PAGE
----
This search started as they almost always do. Hi, I lost my ring and I found you on the Ringfinders web site, and I hope you can help me find my ring. It was in the afternoon that I received just such a call. It was snowing hard on Snoqualmie pass near Seattle. He had been having a great time until he was getting ready to leave. His hands had become cold and wet while working at the back of his vehicle. His Platinum ring slipped off his finger and dropped straight down into eight inches of fresh powder. Knowing that the ring should be right at his feet he began to feel around in the snow and try and find the ring. The problem was he could not find it. So, he dropped another ring and nearly lost it.

After searching the small area he widened the search area and before long the fresh powder snow was all mixed up and he could not find the ring. Being of sound mind he left his vehicle right where it was, and marked the spot with wooden stakes. He then closed the tailgate and left. He called me the next day, and I agreed to do the search that night after work. He was able to locate a metal detector and was searching the area for several hours before I arrived on the scene.

What the search initially looked like

Search area after snow plow came through the next morning

Would have been nice to have bright lights.

After listening to his story, and looking at the area to search it seemed like it should only take a few minutes to find the ring on the flat ground, even with the snow still falling on over half a foot of new snow. The problem was that the snow plow had been through the lot the night he lost it, and plowed within inches of his vehicle. Since the tail gait was down when he lost it, and closed when it was plowed it left plenty of room to collect most of the snow where the ring was dropped. This had been piled into a drift of snow that was at least 12 feet tall and twenty feet at the base. This ran for about 200 feet around the edge of the parking lot. Needless to say we had our work cut out for us.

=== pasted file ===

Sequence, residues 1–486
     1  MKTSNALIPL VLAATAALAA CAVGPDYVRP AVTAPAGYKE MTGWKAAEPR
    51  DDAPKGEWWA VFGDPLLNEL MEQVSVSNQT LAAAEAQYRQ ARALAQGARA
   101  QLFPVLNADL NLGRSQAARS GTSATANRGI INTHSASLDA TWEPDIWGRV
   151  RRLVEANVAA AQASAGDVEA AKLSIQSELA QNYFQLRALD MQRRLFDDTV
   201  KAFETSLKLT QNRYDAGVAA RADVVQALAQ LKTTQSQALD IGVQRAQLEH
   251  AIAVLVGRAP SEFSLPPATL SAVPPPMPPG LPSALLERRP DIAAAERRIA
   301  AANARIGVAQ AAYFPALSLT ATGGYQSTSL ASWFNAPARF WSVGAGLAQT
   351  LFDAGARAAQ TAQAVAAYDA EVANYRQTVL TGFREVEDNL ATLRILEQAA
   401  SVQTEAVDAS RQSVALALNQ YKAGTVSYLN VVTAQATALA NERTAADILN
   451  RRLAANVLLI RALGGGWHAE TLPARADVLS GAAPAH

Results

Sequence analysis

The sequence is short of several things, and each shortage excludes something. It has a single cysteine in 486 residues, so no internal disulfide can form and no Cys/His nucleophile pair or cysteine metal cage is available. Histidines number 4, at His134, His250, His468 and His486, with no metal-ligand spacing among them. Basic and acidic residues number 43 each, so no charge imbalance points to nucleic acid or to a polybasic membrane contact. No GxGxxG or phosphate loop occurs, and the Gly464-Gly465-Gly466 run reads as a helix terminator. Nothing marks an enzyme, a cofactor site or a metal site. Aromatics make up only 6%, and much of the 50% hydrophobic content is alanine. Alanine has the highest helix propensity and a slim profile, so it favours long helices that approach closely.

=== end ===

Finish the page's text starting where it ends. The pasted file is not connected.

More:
We worked in the falling snow and falling temperatures with head lamps until 1am. He shoveled and I detected. But no ring. I left that night and got home at 3am. We decided to search it again once the snow had melted off. This was in February. I went up again in May to search again, and most of the snow had melted and all that remained was a 3-4 foot pile of snow around the outside of the lot. But once the snow was mostly gone and the weather warmed the underbrush had started to grow and now made searching very difficult in the area he lost it. I was able to again go over the snow, and into the icy creek that now ran through the search zone. I picked my way through the brush with a small hand held detector and no ring. I once again left the snow to melt away and did not get to search again until July.

We were going over the pass on the way home from a short break, and I talked my wife into letting me search the area for about an hour. This time the brush was so large that I could not search the area where he lost the ring. So I decided to finish off the rest of the parking area. After about an hour I found the ring sitting on the top of the dirt about 80 feet away from where he lost the ring.

It was a nice sized heavy platinum ring. I gave the owner a call and let him know that I had found the ring and mailed it off to him the next day. It was a great find, since I thought I was going to have to help him cut all the brush down to search it again.

Rob with the ring. The snow bank now brush

Nice heavy ring

On the question wondering if rings have wings or feet. In this case they had wheels. On the second search I ran into the man that plowed that parking lot the night the ring was lost. He remembers wondering why someone would put wooden stakes behind his vehicle. I also learned that he used a front-end loader. He said he scooped the snow straight into the bank and dumped it. So the ring must have clung to the side of the metal bucket with the left over snow and fell out where I found it.

It was a great hunt and a happy find. Thanks for the call to search for the ring, and the reward was great as well.

If you have lost your ring in the Yakima or surrounding area give me a call and I will see what we can do to find it.